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What is it

A boil, or furuncle, is an inflamed, painful, pus-filled skin sore. It first forms as a nodule under the skin, then after several days it develops into a raised reddish sore with a white or yellow pus-filled center Because of pus accumulating under the skin, the boil may become more painful. Eventually the pocket of pus rises towards the skin surface and finally bursts and drains. Once this occurs, pain diminishes and healing begins.


  • A lump, often pea-size, that forms under the skin on the face, neck, armpits, or buttocks. Red and tender to the touch, the lump fills with white or yellowish pus, forming a head or tip.
  • Fever (occasionally).

What causes it

Boils are typically caused by bacteria, usually Staphylococcus that infect the oil gland of hair follicles, typically on the back of the neck, buttocks, groin, and armpits. Once germs proliferate in the gland, infection and inflammation of the skin begins rapidly. The staph germs may enter the body through cuts, scratches, or other skin breaks (and for this reason the bacteria can be spread to family members).

Anyone can get a boil, but some circumstances can predispose people to them. These include diabetes, a suppressed immune system, exposure to certain industrial chemicals, treatment of skin problems with corticosteroids, and poor hygiene.

What if you do nothing

Boils are common and usually minor skin ailments. Most boils will rupture and drain on their own within two weeks. However, if left untreated, a boil can reach enormous size and become quite painful in a matter of days. So it’s best to treat it yourself or contact your doctor.

Home remedies

Don’t squeeze

Using your fingers to squeeze a boil may force the infected matter deeper into the skin.

Relieve pain and inflammation

Take aspirin, ibuprofen, or naproxen according to label directions to relieve pain and inflammation.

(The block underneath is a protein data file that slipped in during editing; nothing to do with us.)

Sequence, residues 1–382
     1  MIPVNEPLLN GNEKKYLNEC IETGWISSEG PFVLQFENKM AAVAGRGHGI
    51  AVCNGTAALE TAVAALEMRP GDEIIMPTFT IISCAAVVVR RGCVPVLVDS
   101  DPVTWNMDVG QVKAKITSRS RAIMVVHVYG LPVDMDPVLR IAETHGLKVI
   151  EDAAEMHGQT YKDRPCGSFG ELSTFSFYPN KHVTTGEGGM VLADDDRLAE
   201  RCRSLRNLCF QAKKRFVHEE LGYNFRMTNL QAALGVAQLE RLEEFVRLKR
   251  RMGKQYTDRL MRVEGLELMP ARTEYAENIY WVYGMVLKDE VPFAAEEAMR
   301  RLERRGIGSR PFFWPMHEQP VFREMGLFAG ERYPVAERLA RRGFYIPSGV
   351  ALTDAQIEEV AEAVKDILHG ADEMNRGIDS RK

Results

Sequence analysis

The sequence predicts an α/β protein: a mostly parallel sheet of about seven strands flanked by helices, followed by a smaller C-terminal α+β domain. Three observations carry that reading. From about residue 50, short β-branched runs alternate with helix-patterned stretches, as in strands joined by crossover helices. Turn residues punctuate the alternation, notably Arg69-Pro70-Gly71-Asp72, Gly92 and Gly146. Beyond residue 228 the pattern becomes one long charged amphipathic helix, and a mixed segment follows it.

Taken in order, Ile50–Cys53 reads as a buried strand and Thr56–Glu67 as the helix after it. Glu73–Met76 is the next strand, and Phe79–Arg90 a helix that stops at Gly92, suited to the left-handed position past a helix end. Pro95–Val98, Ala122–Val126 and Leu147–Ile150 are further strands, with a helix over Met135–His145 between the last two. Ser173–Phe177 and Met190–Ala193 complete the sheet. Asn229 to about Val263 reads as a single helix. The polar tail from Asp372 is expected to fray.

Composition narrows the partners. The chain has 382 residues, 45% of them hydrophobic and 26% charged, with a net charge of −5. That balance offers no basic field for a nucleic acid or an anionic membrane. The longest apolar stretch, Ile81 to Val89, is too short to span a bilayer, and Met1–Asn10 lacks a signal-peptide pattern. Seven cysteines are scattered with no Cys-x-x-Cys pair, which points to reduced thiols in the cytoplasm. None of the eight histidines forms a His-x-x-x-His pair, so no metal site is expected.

Use a hot compress

A boil on any body part except the face can often be treated effectively at home using hot, wet compresses. To make a compress, take a cotton cloth a washcloth or a folded cotton handkerchief and dip it into hot water and wring it out. Gently apply it to the infected area on and off for 10 minutes, remoistening the cloth when necessary. Repeat this process three times a day. The compress will help both to relieve pain and swelling and to bring the infection to a head, causing the boil to rupture and the pus to drain.

Keep the area clean

To prevent reinfection, wash the area thoroughly with soap and water, then apply antibacterial ointment and cover the boil with a sterile gauze bandage. Change the bandage once a day, first washing the site and reapplying the ointment.


Keep up your resistance

Boils tend to recur if you have diabetes mellitus or other conditions that weaken the body’s resistance to infection.

Practice good hygiene

Keep the site of the boil as clean as possible by washing it regularly with soap and water If you are prone to boils, bathe regularly with a solution containing chlorhexidine, an antibacterial agent that is avail- able in over-the-counter formulations (such as Hibiclens).

To avoid spreading bacteria, don’t share your towels, bedding, athletic equipment, or clothing with anyone. And change clothes and bed-sheets regularly.

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